Vista technology offers students online options

Andrew Hampp

There’s only one way Kent State students can receive scores of 100 percent for participation without ever raising their hands in class.

Since Vista technology was introduced to Kent State in Fall 2004, professors have been able to enhance their class content with interactive visual aids, teleconferences with guest speakers from across the globe and message boards, where the aforementioned students can participate in class discussions without even opening their mouths.

Kent State is one of three Ohio universities currently utilizing the technology. The others are Youngstown State University and Rio Grande Community College. Kent State hosts the other two colleges as part of a two-year pilot project, which will test Vista’s reception from students and faculty.

Julie Gedeon, information technology manager in New Media, said that through the Shared Services department, other universities can employ Kent State’s tactics and share Vista with other nearby colleges.

“Instead of every school buying the technology,” Gedeon said, “if one school can do that, they can host other schools. It still costs less than doing it themselves and it’s more efficient.”

Vista exhibits notable improvements from its technological predecessor WebCT, said senior biochemistry major Nick Shaheen.

“Vista seems a lot more organized and has a lot more capabilities,” Shaheen said. “It has a lot of good teacher-based (features), whereas WebCT was more of just a check-your-grades sorta thing.”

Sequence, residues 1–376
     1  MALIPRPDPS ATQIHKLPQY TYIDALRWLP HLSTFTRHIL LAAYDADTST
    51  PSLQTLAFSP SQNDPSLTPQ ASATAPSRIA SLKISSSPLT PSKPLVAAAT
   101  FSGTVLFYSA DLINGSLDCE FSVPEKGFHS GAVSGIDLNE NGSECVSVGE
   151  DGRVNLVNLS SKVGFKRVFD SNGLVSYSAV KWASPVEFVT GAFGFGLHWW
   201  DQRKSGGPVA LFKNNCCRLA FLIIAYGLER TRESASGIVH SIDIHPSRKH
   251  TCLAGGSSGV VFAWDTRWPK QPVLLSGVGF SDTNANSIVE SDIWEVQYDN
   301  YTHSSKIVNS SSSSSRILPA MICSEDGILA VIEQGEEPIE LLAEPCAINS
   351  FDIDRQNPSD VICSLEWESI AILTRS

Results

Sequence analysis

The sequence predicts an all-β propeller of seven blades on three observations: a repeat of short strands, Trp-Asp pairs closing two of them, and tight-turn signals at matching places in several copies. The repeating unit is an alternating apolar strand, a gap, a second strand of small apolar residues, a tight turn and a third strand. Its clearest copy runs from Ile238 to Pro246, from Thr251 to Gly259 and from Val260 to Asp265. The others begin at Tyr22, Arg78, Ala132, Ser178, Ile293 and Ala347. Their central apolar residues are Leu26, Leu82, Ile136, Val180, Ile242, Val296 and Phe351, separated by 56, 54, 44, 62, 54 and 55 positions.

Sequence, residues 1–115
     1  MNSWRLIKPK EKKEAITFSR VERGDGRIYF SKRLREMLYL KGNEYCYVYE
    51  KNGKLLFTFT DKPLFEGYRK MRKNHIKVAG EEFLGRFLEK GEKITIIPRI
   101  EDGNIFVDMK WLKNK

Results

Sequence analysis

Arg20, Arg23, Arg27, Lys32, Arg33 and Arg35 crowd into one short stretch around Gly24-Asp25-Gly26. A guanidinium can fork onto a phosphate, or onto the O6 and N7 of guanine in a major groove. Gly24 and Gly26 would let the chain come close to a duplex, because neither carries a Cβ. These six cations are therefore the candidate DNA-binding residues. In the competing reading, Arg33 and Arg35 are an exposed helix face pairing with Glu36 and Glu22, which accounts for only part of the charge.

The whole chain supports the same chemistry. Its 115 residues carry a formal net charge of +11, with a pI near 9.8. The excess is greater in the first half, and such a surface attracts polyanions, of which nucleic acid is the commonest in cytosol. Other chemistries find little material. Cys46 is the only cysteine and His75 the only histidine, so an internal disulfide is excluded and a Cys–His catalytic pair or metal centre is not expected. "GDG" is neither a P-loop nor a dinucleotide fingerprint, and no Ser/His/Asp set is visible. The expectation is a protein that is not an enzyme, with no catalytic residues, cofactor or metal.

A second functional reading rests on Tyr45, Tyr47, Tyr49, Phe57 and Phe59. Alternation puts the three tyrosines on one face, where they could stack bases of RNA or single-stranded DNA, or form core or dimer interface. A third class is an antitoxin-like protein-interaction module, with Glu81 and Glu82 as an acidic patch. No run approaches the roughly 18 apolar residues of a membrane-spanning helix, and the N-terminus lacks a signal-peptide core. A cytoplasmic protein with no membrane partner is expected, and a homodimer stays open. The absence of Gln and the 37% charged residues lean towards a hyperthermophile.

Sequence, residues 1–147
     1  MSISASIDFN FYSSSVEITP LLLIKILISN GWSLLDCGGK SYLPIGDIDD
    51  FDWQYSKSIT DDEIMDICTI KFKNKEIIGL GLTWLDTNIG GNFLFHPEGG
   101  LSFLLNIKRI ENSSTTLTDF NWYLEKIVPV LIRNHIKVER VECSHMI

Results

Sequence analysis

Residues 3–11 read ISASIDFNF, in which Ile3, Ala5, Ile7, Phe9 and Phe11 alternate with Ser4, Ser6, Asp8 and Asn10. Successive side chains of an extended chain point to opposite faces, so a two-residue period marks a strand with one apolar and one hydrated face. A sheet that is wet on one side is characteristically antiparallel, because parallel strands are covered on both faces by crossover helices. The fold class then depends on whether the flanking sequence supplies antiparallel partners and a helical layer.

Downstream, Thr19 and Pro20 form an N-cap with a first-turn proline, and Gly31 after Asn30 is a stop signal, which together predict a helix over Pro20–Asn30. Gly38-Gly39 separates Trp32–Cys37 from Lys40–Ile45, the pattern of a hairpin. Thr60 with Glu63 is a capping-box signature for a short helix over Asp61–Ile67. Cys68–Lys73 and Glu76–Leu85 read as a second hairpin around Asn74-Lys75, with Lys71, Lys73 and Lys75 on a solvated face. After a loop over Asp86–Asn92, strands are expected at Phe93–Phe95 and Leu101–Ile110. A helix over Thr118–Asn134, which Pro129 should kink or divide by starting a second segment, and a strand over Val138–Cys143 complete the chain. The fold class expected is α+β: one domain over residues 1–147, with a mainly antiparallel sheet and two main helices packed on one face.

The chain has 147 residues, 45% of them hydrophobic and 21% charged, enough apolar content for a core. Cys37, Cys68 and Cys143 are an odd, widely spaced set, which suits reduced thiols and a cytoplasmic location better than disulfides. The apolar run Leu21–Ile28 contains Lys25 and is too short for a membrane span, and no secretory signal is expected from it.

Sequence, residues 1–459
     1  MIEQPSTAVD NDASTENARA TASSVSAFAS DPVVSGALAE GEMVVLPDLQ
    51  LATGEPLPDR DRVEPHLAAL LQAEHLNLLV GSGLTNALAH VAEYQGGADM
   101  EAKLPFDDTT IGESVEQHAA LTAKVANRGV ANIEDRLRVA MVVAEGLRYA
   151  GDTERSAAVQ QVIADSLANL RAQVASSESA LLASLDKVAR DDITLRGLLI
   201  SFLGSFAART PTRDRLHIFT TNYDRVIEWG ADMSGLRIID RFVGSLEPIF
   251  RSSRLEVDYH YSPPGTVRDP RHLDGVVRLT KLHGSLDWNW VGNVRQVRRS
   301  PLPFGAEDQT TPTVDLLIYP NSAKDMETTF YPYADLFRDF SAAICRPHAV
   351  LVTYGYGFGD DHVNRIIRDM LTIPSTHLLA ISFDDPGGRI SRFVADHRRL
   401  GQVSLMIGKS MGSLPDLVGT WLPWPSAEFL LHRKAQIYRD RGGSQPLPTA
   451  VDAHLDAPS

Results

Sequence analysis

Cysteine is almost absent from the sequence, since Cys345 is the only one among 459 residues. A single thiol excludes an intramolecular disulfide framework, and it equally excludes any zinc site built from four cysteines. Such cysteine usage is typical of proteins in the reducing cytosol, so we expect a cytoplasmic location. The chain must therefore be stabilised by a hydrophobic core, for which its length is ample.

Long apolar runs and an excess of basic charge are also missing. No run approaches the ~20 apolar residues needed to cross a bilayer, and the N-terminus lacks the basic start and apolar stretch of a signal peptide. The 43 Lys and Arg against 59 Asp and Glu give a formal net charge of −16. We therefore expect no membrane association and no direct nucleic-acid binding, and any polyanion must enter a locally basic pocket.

Having had his Flashmail account flooded with e-mails during a previous WebCT class, Shaheen said he especially appreciated the organization of Vista’s message boards.

“I imagine it probably would’ve been more complicated to sign up for research projects and to check all those messages through e-mail,” he said. “(Vista) made things a lot more simple.”

Doctoral student Jun Ma said she hadn’t yet noticed any major difference between Vista and WebCT while teaching her consumer behavior class this summer, but she liked using the program just the same.

“It’s a very clear surface,” she said of Vista. “A student can use it very quickly. It’s much easier (to use), but I’m still more familiar with WebCT, so it took a little time to change to Vista.”

In addition to increased communication between professor and student, many Vista courses have utilized New Media’s special project coordinators to further enhance their course content.

Val Kelly, multimedia developer in New Media, has worked on many projects over the last two semesters. Recently, she put together an interactive role-playing module for Kent Stark professor Jackie La Placa’s American history class.

Kelly, who will be speaking at a Vista conference with La Placa in San Francisco next month, said she finds such collaborations to be creatively rewarding.

“I think it’s fun for faculty to just bounce ideas off of us,” she said. “It’s their ideas, their information. We just wanna help get it out.”

Shaheen, however, worried that virtual courses such as those enhanced with Vista may end up taking the place of collaborations such as Kelly and La Placa’s.

“I think this will be an alternative to large classes,” he said. “Universities will probably start seeing the benefit of having to employ less professors.”

Gedeon said she has heard concerns like this before, and offered comforting words to faculty members using Vista.

“We’re not replacing faculty members,” she said. “We’re augmenting what they can do. It allows faculty members to do more. We encourage more collaborative course development, but we still need faculty members to teach.”

Gedeon said she hopes more faculty will start taking advantage of the tools Vista has to offer.

“We’ve just never been good at tooting our own horns,” she said. “We always go and get ideas from other (universities), but we’ve got talent here, too.

“Our goal is to make sure people in the university community know if they’re creating something fun or interactive for their classes, we can do that.”

Contact technology reporter Andrew Hampp at [email protected].